by Shraddha NairAug 20, 2020
Studio Drift is an interdisciplinary art and design studio based in Amsterdam, The Netherlands. Their team is made up of 64 creative minds, spearheaded by the group’s founders, Lonneke Gordijn and Ralph Nauta. They founded Drift in 2007, and have since been crafting visually and conceptually profound artworks in the form of installation, performance and sculpture. Studio Drift brings together art with design acuity and technological prowess in a fluid combination. Their work is experiential, experimental and ephemeral in nature. One of their works is currently on view at The Shed in New York City, in collaboration with Superblue. The exhibition titled DRIFT: Fragile Future was inaugurated on September 29 and will be on view until December 19, 2021.
The last time I had the good fortune of speaking with the Drift team was for a collaborative project of theirs which constructed a kinetic sculpture titled Ego for a Dutch opera titled L’Orfeo. This time we discuss their recent works - Drifter, Fragile Future, and Franchise Freedom.
The duo discusses with us one of their recent works, Drifter. The installation first caught my eye because of its bland and seemingly meaningless form. However, the work actually embodies multitudes in its nothingness, representing a singular, basic unit of urban landscapes - a concrete block.
The artists tell us more, “The rectangular concrete block is our work Drifter. The block represents a basic building unit, one especially present in the urban environment of New York City. Our exhibition, Fragile Future, culminates with this floating monolith. Audiences will first see some multichannel projected films, in which the Drifter floats through New York City and imagined environments, passing through a dystopian urban setting as well as nature to find their origin and destination. Drifter embodies the universal search for unity, origin, and destination. After seeing these projected films, the experience transitions from a virtual one to a real one, as the next installation room will show our work Drifter, a giant concrete monolith, floating around in hopeful levitation”.
They continue to describe the work based around this concept, “On select dates of the exhibition, the sole Drifter is joined by other floating monoliths to fill the McCourt space, The Shed’s four-story-high, seventeen thousand square foot event space. The Drifters will float around in an ethereal atmosphere to form a choreographed surreal immersive performance. With this performance, we invite the audience to think about the makeup this world is made of and offer an imagination of an alternative future,” they conclude.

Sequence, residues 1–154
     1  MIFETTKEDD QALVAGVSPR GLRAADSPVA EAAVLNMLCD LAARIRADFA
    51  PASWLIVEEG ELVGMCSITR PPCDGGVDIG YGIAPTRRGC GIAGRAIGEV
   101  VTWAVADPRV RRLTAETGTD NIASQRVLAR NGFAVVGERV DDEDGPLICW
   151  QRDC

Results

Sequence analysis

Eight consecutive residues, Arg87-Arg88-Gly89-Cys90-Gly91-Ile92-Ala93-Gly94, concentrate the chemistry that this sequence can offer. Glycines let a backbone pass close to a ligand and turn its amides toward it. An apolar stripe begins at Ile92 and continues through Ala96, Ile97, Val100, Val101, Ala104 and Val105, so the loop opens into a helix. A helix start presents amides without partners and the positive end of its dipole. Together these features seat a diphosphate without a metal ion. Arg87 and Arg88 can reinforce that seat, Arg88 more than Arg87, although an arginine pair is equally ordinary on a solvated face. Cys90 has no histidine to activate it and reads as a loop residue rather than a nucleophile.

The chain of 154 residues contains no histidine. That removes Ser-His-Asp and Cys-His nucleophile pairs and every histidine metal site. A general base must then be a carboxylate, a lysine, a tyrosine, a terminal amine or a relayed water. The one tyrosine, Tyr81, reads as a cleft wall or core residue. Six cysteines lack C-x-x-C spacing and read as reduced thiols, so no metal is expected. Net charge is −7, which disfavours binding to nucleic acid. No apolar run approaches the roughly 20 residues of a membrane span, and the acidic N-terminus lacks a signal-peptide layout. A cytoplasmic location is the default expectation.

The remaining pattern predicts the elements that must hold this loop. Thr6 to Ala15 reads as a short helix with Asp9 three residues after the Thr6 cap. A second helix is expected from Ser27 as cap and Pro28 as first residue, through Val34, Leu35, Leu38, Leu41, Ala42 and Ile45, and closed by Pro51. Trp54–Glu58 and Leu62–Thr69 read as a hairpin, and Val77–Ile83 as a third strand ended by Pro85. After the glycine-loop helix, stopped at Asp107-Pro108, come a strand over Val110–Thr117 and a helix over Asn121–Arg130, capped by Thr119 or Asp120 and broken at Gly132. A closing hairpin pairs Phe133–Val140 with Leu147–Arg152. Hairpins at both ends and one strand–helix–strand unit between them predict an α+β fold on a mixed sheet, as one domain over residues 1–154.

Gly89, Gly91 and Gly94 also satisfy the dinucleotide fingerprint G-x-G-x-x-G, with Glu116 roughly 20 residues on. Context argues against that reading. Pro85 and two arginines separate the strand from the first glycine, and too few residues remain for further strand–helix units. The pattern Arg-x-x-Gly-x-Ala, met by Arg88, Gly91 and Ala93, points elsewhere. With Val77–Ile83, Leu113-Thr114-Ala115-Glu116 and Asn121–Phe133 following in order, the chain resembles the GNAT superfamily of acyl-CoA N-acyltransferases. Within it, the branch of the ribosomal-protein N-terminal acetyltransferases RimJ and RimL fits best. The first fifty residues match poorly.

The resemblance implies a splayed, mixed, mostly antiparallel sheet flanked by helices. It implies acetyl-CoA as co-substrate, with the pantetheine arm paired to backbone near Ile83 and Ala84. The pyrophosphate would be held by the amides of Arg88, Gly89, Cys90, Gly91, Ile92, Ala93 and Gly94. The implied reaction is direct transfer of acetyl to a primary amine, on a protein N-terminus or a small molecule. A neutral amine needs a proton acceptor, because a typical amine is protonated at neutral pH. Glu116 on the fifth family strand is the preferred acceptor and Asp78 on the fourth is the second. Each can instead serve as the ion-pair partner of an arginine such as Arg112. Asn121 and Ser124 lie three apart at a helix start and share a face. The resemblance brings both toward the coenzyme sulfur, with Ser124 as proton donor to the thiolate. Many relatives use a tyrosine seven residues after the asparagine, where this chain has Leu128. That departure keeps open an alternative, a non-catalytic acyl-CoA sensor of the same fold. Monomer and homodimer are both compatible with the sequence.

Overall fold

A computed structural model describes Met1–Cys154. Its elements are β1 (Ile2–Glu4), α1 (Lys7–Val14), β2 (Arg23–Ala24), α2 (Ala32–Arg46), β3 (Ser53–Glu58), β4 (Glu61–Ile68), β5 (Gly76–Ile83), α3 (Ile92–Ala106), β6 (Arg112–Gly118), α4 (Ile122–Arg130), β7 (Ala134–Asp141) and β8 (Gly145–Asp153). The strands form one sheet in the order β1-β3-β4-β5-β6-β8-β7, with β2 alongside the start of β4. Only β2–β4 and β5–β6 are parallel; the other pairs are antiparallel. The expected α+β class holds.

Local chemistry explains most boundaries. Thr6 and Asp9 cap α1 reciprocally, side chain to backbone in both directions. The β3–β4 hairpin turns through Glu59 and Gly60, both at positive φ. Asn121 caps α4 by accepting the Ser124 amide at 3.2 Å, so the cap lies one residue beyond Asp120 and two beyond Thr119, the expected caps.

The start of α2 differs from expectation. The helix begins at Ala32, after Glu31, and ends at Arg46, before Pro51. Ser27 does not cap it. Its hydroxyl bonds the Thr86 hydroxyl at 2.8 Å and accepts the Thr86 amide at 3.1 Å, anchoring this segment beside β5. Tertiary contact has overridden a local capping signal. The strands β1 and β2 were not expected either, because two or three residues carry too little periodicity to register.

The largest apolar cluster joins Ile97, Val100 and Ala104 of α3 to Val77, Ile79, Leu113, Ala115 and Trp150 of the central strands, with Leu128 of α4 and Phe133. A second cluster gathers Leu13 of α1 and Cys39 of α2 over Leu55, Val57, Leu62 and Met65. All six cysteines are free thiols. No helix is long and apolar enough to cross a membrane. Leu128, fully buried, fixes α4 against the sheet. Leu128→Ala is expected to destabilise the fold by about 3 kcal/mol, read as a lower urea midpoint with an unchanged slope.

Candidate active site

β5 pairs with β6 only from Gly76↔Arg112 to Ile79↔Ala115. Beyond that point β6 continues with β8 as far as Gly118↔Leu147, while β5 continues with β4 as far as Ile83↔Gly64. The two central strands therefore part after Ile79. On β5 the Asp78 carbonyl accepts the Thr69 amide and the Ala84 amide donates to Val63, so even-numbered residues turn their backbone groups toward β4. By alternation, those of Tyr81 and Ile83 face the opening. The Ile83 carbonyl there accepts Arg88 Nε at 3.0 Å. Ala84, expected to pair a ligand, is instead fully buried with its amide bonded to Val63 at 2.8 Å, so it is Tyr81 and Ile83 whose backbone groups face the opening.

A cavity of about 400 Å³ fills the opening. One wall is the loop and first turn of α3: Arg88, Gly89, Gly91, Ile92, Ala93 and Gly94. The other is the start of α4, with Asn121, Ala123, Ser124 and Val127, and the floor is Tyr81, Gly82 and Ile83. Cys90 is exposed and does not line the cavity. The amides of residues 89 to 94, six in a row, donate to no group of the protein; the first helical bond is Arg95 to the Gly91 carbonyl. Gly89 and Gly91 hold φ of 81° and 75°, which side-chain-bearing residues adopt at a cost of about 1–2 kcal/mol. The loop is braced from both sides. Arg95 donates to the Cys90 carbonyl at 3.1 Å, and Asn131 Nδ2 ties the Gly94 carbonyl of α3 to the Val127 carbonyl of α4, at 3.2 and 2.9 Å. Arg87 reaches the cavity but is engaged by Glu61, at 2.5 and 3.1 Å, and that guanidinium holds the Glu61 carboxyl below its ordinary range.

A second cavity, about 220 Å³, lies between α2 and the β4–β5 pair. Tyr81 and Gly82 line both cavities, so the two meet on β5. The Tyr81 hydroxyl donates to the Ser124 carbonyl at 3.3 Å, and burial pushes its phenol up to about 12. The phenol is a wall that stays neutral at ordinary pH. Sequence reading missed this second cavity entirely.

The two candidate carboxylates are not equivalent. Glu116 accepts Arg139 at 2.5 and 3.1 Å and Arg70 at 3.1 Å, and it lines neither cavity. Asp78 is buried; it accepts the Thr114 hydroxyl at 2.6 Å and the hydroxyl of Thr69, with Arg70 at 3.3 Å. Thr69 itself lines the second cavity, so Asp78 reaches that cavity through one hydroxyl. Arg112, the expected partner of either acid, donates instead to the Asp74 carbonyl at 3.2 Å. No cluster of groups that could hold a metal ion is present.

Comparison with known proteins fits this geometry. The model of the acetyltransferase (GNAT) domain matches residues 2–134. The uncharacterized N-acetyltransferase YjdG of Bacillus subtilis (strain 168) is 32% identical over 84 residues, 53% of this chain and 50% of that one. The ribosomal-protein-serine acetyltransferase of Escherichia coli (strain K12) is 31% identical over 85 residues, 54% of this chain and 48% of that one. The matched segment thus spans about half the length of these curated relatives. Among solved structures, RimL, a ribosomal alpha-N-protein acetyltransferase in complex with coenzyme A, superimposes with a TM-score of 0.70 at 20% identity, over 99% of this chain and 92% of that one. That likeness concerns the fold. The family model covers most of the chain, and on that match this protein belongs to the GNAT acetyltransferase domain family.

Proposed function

Drifter is a representation of a narrative without context, adaptable to any storyline. It allows for playfulness in its juxtaposition. Although the work is conceptually engaging, the superficial perception of the work can leave the viewer rather blank, in a way that is almost overwhelming.
Fragile Future is an installation which brings together art and nature, with a design concept which employs light as a medium. The artists share, “Fragile Future fuses nature and technology into a multidisciplinary light sculpture. Aptly named, this work can be seen as a utopian vision of our planet’s future. Two completely opposite evolutions, nature and technology, make a pact to survive…”
The installation merges not only concept but also aesthetics of fragility (of the dandelions) versus strength (of the frames), and transience and permanence. The work signifies the consumerist, ‘fast’ culture of our commercial economies, the ephemeral yet lasting character of nature, contrasted by the permanent and wasteful nature of man-made waste.
They continue to discuss saying, “We synthesise the evolution of nature with the juxtaposed rapid evolution of technical developments in our age. Fragile Future is about conveying emotion through the symbolic ingredient of light; light that forms the basis of all life.
We handpick real dandelion seeds and glue them to LED lights individually, which are then placed in bronze circuit boards that we designed specifically for Fragile Future. Handpicking and gluing real dandelions makes for an extremely labour-intensive construction process. The dandelions are extremely fragile so we have to be extremely precise and careful in this process. By using such a labour-intensive process, we make a statement against mass production and throwaway culture.”
Franchise Freedom is a recent work by Studio Drift, based on an older project. The research started in 2007 with the launch of their work Flylight, whereby non-pre-programmed flight patterns were generated by an algorithm that reacts in ways similar to starling murmuration. In Franchise Freedom, the artists closely study the movement and flow of starlings, programming it into the software which drives the performative aspect of the work. The specially developed software brings together light and movement into a uniquely fantastic visual spectacle. The installation was recently exhibited at Burning Man, a music festival. At the last event, Drift’s work took the place of the traditional method of celebration at the festival - burning of a sculpture. This environmentally harmful activity is well substituted by non-intrusive light-based installations.